The key is for the city to identify stable revenue sources — ranging from user fees paid by patrons of the new facilities, a public subsidy financed by tax dollars or a combination of creative funding streams — so that the private investors who provide the money upfront can get a decent return down the line, said Joseph Schofer, associate dean of the McCormick School of Engineering and Applied Science at Northwestern.
After sitting on the sidelines during the recession, private investors are eager to invest for a longer term payback, Schofer said.
"It's like having a rich uncle who can spend the money now — I need a new car; 'Uncle, can you buy it for me and I will pay it back over time?' '' Schofer said. "But instead of a car, it could be a ring rail transit system. The investors are going to put down the dollars to make this happen because unlike the public sector, which doesn't have the money to spend, these folks have the time to wait for the return, even if it is 5 to 7 percent over 30 years."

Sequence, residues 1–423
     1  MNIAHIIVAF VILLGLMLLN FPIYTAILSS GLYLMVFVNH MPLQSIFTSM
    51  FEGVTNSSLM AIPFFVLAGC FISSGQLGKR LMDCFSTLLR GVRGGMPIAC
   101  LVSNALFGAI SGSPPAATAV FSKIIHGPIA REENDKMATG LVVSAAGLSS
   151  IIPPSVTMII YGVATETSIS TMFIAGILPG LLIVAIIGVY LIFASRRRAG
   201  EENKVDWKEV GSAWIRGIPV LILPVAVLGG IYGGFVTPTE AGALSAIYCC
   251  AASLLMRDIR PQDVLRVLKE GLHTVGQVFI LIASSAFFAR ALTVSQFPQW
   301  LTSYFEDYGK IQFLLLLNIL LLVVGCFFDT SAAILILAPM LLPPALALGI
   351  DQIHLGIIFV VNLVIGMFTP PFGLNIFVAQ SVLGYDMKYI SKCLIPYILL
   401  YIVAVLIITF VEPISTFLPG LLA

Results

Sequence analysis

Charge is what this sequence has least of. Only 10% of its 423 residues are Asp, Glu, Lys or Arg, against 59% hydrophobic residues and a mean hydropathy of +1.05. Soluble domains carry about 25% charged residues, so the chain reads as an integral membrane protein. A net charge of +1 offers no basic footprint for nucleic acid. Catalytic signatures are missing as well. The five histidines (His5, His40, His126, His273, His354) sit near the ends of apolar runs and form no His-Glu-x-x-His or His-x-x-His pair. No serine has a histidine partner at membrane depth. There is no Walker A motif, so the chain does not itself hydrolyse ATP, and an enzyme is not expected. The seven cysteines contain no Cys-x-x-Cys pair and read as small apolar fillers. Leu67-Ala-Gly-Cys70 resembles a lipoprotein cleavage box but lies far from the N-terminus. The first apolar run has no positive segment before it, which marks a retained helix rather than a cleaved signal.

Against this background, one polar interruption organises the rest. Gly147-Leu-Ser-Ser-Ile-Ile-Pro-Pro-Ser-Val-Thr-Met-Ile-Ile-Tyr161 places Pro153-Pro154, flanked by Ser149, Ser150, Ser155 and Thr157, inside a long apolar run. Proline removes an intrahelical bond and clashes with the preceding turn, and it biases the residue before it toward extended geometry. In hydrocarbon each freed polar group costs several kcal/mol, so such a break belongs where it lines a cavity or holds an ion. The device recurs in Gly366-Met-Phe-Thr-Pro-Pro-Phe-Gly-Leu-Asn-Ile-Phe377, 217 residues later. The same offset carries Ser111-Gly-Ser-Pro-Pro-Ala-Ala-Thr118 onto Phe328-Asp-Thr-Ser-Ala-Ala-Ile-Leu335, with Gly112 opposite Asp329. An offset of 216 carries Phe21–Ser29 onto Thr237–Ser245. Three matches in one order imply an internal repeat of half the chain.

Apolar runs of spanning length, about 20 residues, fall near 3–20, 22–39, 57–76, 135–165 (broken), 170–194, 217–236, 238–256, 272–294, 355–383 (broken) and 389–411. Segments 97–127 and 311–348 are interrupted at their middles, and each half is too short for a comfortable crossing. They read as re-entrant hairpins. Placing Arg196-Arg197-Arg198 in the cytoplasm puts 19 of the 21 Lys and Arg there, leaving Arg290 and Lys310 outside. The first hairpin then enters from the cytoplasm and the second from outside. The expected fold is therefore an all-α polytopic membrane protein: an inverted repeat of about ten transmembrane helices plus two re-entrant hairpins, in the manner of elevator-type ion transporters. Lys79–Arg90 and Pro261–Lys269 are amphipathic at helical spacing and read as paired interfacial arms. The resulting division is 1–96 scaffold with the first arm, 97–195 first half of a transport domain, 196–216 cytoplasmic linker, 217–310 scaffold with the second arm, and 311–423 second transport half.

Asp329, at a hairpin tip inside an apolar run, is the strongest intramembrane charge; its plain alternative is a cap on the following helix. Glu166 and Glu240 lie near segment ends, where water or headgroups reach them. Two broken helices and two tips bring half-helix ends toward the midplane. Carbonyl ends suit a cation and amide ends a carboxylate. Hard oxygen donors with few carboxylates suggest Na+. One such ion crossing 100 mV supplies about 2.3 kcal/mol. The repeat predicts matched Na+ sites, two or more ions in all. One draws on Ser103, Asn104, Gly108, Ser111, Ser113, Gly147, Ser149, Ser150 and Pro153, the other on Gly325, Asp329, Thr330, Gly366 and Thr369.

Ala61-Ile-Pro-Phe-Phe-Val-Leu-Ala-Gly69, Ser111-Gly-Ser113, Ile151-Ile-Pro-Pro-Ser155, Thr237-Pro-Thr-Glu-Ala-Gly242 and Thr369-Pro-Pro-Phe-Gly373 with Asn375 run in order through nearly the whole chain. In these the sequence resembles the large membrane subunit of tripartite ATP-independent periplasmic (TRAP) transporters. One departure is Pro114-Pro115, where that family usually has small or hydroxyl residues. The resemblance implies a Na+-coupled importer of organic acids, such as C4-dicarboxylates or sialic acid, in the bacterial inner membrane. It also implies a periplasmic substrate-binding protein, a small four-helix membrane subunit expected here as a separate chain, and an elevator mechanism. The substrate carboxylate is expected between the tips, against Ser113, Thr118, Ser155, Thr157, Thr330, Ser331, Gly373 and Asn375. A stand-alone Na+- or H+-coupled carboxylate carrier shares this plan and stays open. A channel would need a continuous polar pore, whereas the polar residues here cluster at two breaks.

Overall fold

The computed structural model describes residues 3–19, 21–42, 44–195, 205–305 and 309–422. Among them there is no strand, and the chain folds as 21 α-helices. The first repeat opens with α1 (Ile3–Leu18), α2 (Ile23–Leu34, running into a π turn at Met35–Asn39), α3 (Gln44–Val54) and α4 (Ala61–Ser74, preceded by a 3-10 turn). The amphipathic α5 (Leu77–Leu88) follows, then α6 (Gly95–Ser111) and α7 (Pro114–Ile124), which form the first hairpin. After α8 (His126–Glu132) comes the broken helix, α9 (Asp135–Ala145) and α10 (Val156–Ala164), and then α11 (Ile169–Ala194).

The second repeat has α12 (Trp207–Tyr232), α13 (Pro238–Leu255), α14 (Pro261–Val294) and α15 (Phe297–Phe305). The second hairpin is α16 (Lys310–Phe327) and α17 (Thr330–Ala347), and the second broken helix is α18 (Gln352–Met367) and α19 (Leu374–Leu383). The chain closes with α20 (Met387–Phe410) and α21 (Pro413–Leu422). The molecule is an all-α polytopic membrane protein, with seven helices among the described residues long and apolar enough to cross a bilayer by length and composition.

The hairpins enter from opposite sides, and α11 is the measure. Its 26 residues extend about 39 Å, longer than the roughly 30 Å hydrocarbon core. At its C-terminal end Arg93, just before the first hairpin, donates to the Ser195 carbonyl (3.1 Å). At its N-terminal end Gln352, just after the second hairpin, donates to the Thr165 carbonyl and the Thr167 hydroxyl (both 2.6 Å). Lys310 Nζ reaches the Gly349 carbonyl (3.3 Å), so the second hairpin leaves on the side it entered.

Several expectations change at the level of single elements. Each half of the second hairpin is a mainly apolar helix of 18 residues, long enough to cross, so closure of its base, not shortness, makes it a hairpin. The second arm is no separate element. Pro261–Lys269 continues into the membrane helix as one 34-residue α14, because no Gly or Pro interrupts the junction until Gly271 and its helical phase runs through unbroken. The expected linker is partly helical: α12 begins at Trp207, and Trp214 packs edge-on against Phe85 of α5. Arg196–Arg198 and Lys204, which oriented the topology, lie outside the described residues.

The mayor's plan is similar to the stalled national infrastructure bank President Barack Obama has proposed to help rebuild roads, bridges and mass transit. Emanuel said he remembers first being exposed to the idea during his years as a top adviser to former President Bill Clinton, who was on hand for Thursday's announcement.
"There's no limit to what you can do because of this device," Clinton said of the city's plan to set up its own financing. "This is a big deal."
Tribune reporters Hal Dardick, John Byrne, Bob Secter and David Kidwell contributed.